The second mode that we played on Aftermath was a custom mode that showed off how you can create your own victory conditions. The mode was a variant of team territory, which tasks each team with trying to control five different areas on the map for as long as possible. The winner in team territory is the team that has amassed the most control time at the end of the match. In the variant we played, only one control point was active, which basically turned it into a king-of-the-hill mode. The control point in question was located on the second floor of a house at the end of a street, which made for some hectic battles as teams struggled to either defend the position or assault it. Approaching the house is problematic for the attacking team, thanks to the long fields of fire provided from the balcony of the house. Once inside, the action switches to close quarters as the attackers have to battle up the stairways and capture the point. In our match, this turned out to be a seesaw fight, as both teams alternated control of the point.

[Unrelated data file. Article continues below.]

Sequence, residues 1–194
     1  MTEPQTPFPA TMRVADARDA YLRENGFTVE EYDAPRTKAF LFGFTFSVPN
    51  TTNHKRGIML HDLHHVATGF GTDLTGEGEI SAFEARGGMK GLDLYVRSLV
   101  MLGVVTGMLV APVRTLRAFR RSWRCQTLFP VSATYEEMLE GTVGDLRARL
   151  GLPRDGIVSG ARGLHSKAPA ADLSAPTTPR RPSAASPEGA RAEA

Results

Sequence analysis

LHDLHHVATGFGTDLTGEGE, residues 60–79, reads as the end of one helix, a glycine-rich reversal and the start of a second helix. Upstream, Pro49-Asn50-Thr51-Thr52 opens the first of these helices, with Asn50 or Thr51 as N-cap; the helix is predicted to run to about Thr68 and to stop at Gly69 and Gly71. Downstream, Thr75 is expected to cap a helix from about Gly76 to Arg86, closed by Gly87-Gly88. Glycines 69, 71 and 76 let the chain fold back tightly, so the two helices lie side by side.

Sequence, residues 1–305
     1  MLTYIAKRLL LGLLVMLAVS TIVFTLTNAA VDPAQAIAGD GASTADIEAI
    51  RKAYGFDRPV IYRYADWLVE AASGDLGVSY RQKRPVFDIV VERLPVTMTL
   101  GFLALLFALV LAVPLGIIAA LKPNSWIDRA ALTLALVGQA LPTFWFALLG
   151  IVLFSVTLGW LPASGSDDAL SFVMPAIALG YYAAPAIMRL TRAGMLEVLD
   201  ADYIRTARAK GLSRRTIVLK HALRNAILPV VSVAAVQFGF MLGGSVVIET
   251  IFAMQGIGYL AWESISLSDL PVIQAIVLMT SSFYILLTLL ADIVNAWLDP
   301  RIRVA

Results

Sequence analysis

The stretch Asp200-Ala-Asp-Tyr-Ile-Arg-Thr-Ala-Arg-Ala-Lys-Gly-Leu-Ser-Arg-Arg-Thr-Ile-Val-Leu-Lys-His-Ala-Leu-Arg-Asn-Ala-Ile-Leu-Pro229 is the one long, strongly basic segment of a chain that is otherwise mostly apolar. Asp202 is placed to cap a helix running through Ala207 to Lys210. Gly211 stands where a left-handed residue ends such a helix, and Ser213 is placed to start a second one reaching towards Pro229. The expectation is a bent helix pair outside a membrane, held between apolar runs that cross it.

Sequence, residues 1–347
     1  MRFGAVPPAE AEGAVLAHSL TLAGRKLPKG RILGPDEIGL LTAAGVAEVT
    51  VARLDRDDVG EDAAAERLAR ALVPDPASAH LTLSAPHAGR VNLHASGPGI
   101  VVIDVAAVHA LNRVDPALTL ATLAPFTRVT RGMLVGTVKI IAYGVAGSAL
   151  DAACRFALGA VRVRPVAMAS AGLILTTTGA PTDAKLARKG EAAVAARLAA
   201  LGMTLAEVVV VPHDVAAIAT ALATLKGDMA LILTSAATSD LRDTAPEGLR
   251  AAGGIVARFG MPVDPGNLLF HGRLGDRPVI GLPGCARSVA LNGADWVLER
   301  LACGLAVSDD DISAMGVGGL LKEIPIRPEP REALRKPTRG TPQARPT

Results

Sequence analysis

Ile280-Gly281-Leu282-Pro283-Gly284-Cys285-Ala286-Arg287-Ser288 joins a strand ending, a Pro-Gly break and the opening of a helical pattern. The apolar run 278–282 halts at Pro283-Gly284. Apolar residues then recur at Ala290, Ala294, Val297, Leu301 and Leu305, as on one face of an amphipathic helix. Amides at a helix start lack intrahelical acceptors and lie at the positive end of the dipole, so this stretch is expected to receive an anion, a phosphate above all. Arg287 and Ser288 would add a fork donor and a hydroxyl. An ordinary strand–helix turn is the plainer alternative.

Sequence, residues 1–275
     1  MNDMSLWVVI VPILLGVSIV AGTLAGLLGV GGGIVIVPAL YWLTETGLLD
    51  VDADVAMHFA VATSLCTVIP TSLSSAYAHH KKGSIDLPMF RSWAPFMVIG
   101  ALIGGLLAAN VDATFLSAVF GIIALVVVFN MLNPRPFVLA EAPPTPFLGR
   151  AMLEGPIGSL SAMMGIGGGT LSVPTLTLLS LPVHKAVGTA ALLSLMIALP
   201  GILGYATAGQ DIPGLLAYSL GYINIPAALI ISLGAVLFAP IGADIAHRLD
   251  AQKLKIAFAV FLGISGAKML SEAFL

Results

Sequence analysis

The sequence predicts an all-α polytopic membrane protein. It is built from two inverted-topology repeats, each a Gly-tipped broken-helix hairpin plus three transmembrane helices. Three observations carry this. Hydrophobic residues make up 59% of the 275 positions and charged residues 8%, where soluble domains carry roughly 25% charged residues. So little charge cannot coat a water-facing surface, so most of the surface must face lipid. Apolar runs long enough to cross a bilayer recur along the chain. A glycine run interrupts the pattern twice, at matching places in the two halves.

Next up on our tour of GRAW2's multiplayer maps was Crash Site, which is a cool level thanks to the fact that it's got the burning hulk of a downed US transport plane in the middle of it. This is a fairly large outdoor level, but the plane wreckage provides a handy reference point. You can even enter portions of the fuselage and use it to ambush passing enemies. Meanwhile, the plane has gone down in a small valley, so the nearby ridges offer plenty of sniping positions, though standing atop a ridge can also make you easy to spot since you're silhouetted against the sky. We should also mention that one of the nifty features of GRAW2's multiplayer is the fact that you can play certain maps at different points of the day. We played Crash Site during the evening and at night, and the latter required us to use night vision to see any decent distance.